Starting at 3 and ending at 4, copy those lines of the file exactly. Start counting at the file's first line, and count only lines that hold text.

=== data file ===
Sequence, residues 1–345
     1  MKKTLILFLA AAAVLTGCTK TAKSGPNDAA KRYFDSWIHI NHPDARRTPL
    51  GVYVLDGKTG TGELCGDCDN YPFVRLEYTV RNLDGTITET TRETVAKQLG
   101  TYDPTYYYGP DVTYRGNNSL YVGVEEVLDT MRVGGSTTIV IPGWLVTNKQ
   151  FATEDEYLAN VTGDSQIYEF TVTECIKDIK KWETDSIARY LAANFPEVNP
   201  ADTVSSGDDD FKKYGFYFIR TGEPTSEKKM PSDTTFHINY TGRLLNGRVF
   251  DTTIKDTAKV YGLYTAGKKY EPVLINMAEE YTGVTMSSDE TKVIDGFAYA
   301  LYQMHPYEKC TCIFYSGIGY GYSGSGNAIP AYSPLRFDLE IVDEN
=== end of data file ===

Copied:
    51  GVYVLDGKTG TGELCGDCDN YPFVRLEYTV RNLDGTITET TRETVAKQLG
   101  TYDPTYYYGP DVTYRGNNSL YVGVEEVLDT MRVGGSTTIV IPGWLVTNKQ